So far, Republicans are rejecting Inslee’s claim that the state needs to broaden its tax base to make it fairer and help erase a deficit his office estimates is more than $2 billion in the 2015-17 budget. The governor is proposing a capital gains tax of 7 percent on distributions from stocks and bonds in excess of $25,000 a year for an individual, which could raise nearly $800 million in the first budget cycle.
Republicans such as Sen. Bruce Dammeier, R-Puyallup, say the tax would fluctuate wildly, providing an unstable source of money for schools. Inslee says the state’s tax system already is the worst in the nation at putting a heavier burden on the poor, so he can’t do what governors and legislators before him have done: raise the sales tax.
Inslee also is proposing a 50 cent increase per pack on cigarettes and taxes on electronic or vapor smokes that he sees as targeting young people. And he’s proposing to close a number of tax loopholes — such as the one letting out-of-state shoppers avoid paying sales tax at the cash register.
Sen. Hill doesn’t believe there is a shortfall. Hill said the growing economy is producing about $3 billion more revenue than in the current one, providing just enough to pay for carry-forward costs of existing programs with $1 billion left to pay for McCleary obligations, mental health and other needs.
At the same time, some Republicans are softening slightly in their hard opposition to taxes from two years ago.
“ We’re Republicans. We don’t like tax increases. But we are willing to do them when necessary,” said Sen. Joe Fain, R-Auburn. “The difference is ... what I think we are seeing out of the Governor’s Office is that taxes are the answer and then we’ll find what we’ll spend it on.’’
Inslee defends his position, pointing out that a capital gains tax might be volatile but anything it brings in is more than anything Republicans are proposing.
Gov. Inslee has opened another debate with his proposal to reduce the state’s emission of greenhouse gases to targets set in state law by 2020.
The third-year Democratic governor wants to enact a cap on greenhouse emissions and create a carbon pollution taxation system — known as cap and trade, similar to what California adopted under a Republican governor. This requires major emitters of greenhouse gases such as utilities, refineries, pulp mills and power plant operators to pay for the emissions.
A recent poll by Elway Research showed up to 71 percent of voters accept or favor the carbon tax idea, but the Senate Republican leadership has taken a hard line against it.
In the recent elections, GOP committees hammered Democratic candidates on the topic, accusing them of backing gas-price increases of more than $1 per gallon, which they suggested Inslee’s proposals for pricing carbon might cause. Those claims were inflated, and Inslee contends his carbon pollution tax could in the worst case add 12 cents per gallon to the price of gasoline, but only if refineries and others fail to cut emissions and simply pass fees on to consumers.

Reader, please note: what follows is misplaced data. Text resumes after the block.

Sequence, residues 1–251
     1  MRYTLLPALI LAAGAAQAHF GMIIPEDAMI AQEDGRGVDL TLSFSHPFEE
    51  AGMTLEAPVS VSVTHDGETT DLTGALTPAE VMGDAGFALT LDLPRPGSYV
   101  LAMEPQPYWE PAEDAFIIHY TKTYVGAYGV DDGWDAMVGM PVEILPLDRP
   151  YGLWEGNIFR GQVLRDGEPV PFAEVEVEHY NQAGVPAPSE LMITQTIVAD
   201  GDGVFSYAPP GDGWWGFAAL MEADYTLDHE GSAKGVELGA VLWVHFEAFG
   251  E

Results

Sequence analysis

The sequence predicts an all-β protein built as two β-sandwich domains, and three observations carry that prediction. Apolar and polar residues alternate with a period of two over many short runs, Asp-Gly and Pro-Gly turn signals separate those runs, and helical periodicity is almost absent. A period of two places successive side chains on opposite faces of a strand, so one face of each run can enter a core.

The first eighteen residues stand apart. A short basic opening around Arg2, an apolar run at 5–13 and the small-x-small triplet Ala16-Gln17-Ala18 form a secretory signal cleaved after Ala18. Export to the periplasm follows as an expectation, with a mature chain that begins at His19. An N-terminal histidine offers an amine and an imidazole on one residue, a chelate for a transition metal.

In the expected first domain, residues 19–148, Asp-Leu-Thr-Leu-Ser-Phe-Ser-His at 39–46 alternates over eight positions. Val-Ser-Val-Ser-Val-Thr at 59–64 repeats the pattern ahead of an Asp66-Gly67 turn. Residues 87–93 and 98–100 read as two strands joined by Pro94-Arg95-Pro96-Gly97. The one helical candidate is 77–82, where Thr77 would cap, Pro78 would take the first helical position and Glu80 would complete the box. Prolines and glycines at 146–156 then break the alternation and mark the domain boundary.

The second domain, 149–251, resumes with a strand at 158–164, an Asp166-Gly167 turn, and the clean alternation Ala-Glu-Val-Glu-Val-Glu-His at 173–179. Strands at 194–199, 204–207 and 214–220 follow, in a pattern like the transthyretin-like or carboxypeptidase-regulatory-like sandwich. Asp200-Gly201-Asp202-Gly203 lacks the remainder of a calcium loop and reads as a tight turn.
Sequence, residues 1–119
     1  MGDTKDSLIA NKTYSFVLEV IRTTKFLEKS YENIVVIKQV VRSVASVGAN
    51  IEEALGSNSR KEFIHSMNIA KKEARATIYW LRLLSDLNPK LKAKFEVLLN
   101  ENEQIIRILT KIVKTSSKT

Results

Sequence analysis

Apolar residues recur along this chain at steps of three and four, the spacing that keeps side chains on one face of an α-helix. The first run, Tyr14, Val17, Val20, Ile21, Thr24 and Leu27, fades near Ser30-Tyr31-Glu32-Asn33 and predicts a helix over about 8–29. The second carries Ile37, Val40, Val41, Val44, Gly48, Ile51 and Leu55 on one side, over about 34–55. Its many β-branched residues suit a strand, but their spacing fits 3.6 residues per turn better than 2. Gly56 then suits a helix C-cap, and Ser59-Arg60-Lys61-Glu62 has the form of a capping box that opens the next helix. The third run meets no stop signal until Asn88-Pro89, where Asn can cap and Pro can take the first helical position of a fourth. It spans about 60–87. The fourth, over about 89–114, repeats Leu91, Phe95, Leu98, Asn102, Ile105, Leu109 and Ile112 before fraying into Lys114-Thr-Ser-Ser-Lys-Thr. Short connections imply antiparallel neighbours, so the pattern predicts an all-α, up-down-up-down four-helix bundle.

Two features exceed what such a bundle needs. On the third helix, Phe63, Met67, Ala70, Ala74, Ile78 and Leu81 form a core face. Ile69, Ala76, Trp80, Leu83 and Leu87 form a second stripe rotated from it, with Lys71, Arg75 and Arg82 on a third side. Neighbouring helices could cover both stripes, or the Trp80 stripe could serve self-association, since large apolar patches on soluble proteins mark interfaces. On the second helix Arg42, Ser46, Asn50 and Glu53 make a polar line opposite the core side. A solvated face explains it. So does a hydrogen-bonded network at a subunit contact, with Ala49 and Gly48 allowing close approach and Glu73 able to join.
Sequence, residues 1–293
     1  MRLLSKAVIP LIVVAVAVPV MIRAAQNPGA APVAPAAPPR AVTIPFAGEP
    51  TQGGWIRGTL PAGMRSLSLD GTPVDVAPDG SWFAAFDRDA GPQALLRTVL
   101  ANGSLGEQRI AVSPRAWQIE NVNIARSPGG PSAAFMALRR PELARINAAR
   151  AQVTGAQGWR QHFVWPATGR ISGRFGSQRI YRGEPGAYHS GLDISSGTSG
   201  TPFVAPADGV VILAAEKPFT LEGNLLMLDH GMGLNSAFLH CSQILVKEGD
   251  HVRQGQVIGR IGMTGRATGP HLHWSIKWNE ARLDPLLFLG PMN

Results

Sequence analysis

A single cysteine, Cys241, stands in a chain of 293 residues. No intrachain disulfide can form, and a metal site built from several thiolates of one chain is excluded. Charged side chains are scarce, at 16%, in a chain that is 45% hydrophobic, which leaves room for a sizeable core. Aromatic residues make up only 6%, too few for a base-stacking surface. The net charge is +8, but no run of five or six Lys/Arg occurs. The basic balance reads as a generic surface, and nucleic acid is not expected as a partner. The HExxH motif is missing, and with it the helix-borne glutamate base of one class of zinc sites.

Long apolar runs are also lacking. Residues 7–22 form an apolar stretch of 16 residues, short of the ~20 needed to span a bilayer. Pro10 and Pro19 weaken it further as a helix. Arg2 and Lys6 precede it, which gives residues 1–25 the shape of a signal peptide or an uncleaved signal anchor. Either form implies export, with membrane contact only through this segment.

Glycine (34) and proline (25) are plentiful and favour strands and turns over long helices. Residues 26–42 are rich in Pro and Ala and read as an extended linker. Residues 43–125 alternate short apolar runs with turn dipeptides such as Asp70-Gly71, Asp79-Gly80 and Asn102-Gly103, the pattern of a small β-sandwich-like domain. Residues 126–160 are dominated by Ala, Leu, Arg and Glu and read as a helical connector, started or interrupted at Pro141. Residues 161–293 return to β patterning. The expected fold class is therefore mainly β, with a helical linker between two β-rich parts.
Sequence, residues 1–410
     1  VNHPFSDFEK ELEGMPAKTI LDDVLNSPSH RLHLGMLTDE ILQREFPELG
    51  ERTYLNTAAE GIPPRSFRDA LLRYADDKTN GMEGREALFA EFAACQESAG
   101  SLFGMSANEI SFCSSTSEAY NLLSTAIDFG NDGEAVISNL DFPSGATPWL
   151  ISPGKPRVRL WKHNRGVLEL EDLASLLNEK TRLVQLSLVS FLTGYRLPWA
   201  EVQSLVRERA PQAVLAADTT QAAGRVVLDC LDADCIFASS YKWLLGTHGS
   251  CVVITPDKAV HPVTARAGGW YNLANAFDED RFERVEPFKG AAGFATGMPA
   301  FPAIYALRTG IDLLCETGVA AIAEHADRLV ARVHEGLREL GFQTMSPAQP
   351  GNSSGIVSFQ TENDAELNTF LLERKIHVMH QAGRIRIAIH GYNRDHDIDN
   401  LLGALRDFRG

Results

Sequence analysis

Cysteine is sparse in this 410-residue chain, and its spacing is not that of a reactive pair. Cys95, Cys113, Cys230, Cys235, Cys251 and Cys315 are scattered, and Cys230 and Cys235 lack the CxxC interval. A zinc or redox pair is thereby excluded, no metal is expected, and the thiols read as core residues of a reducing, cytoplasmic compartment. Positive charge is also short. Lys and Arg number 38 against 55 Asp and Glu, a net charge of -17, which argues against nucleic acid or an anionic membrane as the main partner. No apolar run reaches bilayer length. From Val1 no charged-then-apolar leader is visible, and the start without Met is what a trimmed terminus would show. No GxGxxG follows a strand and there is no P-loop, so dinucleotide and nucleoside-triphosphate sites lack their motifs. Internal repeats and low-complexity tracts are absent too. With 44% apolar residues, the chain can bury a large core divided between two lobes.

Business groups such as the Association of Washington Business are pushing back, touting voluntary efforts rather than mandates to reduce emissions.A hard fight is expected.
“I would say, yes, it will be tough to pass climate legislation this year. But anything will be tough this year,’’ said Becky Kelley, deputy director for the Washington Environmental Council. “With a split Legislature and the tremendous pressure they are under, there are no easy plays.”
Some Senate and House Democrats like Inslee’s concept of using pollution penalties as incentives to cut fossil fuel use. House Speaker Frank Chopp, D-Seattle, hasn’t endorsed the exact plan laid out by Inslee but says action is needed.
“I support coming up with a plan that fully addresses climate change,” Chopp said. “We have to deal with it.”
More than two dozen labor contracts negotiated by the governor’s labor teams would provide the first general wage increase in six years for general government and higher education staffers. Contracts covering most agency workers give raises of 3 percent in July and another 1.8 percent in July 2016, and there are additional adjustments for job classes to create more equality across the system.
Teachers and other K-12 staffers are entitled to smaller inflation-based raises under Initiative 732, but Inslee has gone further by proposing K-12 raises equal to the typical raise for general government staffers. Inslee’s proposal would provide the first cost-of-living pay raise since 2008 for teachers and school staffers, who the governor says have had a loss of purchasing power while being asked to get more results for students.
The total cost for raising pay for all general agency personnel, K-12 schools, universities and home care workers is $867 million from the general fund; that includes rising costs for health care insurance. The contracts also hold state employees’ share of health premiums at 15 percent and protect them against most increases in out-of-pocket payments.
The Legislature ultimately must accept the state worker contracts, and Senate Republicans are balking at the cost. Sen. Hill said last week that when he was campaigning he did not hear from voters that pay increases for public sector workers was a high priority.